In one respect theatre is an art of the present moment -- once performed it is gone, save in the memory of the audience. Yet new productions and performances give it a kind of ever-renewed immortality. It can put us in touch with the culture, conditions, and viewpoints of many civilizations. Indeed, theatre is at once a reminder and an affirmation of the continuity of civilization and the fundamental unity of all mankind.

That continuity is manifested not only in performances of plays of the past, but also in the attempts of modern artists to give voice to the conditions and experiences of our own time. These efforts, in turn, will enrich the legacy we will leave to future generations.

Today, theatre exists not only in the traditional cultural centers of our country but all across the land. Theatre at all levels -- professional, community, and school -- has sprung up in every region of our country. There is no greater testimony to mankind's need for theatre than this. Today we are experiencing a renaissance of the living theatre, with great gains in artistic excellence, in aesthetic variety and diversity of cultural voices -- and in growing and loyal audiences throughout America.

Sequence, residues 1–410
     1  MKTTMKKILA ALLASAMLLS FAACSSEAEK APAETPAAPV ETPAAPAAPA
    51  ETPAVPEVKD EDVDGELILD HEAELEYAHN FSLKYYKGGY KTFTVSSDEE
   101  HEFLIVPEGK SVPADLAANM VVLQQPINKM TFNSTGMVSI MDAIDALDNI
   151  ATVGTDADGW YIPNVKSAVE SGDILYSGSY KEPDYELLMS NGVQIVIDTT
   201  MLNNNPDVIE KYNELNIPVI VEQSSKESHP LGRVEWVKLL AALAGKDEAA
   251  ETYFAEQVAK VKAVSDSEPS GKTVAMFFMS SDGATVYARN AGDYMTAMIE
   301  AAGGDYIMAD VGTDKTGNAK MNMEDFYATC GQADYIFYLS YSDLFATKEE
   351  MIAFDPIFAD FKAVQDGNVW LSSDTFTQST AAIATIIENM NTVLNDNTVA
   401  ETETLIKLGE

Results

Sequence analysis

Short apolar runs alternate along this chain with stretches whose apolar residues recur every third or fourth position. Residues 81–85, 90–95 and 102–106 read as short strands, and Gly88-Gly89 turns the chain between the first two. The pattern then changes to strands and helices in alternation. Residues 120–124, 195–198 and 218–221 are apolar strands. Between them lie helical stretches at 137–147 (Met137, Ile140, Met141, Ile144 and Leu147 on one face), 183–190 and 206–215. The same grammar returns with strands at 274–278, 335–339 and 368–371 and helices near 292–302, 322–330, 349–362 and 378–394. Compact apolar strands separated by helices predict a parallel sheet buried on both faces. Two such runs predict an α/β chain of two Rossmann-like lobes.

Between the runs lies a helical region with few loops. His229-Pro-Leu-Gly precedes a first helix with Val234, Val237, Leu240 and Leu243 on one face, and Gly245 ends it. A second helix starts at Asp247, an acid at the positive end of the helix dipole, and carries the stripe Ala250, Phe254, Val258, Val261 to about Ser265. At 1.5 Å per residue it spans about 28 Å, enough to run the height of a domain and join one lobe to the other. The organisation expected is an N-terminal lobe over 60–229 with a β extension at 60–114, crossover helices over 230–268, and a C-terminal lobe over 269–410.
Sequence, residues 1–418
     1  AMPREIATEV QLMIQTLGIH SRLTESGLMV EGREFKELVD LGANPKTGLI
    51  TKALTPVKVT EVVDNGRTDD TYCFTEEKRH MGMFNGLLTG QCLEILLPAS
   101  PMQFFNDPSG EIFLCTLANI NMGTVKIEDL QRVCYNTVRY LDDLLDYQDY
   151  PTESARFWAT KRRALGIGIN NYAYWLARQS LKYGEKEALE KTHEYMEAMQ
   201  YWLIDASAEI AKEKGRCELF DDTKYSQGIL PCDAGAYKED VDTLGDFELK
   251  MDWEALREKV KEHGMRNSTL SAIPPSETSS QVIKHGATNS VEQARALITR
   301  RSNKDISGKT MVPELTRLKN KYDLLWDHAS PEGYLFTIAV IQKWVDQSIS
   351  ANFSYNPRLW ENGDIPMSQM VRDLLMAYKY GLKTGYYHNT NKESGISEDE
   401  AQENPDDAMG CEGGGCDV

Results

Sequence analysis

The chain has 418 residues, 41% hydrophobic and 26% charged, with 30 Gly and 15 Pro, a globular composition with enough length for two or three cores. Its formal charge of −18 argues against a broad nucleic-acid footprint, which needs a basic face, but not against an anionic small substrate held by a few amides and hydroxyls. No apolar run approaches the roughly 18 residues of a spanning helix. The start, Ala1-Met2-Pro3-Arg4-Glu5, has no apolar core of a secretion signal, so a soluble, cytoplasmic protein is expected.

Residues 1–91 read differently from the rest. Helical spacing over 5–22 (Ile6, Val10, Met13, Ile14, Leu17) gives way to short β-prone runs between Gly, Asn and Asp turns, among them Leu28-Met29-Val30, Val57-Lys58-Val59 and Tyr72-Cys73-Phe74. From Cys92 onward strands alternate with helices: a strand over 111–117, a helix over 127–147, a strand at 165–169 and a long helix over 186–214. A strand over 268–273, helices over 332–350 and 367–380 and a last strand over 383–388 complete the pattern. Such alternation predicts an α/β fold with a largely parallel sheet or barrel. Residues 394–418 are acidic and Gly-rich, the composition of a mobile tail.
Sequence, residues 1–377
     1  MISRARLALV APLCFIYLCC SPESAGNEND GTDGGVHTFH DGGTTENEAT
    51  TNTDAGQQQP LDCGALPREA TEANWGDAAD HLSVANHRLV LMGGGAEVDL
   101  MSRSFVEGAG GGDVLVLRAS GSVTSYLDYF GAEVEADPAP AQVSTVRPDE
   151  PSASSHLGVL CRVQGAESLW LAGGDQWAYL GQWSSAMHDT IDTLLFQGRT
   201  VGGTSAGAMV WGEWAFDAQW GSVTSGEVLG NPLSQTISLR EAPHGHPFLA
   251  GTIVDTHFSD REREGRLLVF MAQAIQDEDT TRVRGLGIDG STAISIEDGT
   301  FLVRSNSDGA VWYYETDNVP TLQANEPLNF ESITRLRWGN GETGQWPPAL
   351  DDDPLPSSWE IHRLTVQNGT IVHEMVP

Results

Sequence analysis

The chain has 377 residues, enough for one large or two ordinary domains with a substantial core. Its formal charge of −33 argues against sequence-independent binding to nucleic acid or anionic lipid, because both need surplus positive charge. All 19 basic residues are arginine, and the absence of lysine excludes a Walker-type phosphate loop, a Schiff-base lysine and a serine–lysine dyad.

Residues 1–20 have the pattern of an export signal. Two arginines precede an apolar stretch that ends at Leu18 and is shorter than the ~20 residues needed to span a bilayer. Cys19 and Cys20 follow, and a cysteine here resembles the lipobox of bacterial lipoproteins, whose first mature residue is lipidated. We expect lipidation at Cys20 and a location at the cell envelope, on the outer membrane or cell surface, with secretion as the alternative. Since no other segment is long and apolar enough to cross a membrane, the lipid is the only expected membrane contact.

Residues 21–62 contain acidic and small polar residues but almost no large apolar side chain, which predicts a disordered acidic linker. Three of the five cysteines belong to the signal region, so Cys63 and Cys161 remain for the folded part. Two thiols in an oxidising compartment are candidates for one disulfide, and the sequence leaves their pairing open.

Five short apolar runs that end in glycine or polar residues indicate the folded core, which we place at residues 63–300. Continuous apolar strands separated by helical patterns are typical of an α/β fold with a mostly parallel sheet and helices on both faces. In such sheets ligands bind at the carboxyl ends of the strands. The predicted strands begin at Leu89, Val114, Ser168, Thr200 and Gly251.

In recognition of the importance of theatre in the lives of all Americans, the Congress, by Senate Joint Resolution 247, has authorized the President to proclaim the week of June 1 through June 7, 1986, as ``National Theatre Week.''

Now, Therefore, I, Ronald Reagan, President of the United States of America, do hereby proclaim the week beginning June 1, 1986, as National Theatre Week. I encourage the people of the United States to observe this month with appropriate ceremonies, performances, programs, and activities.

In Witness Whereof, I have hereunto set my hand this thirtieth day of May, in the year of our Lord nineteen hundred and eighty-six, and of the Independence of the United States of America the two hundred and tenth.

Ronald Reagan

[Filed with the Office of the Federal Register, 11:10 a.m., June 2, 1986]

Note: The proclamation was released by the Office of the Press Secretary on May 31.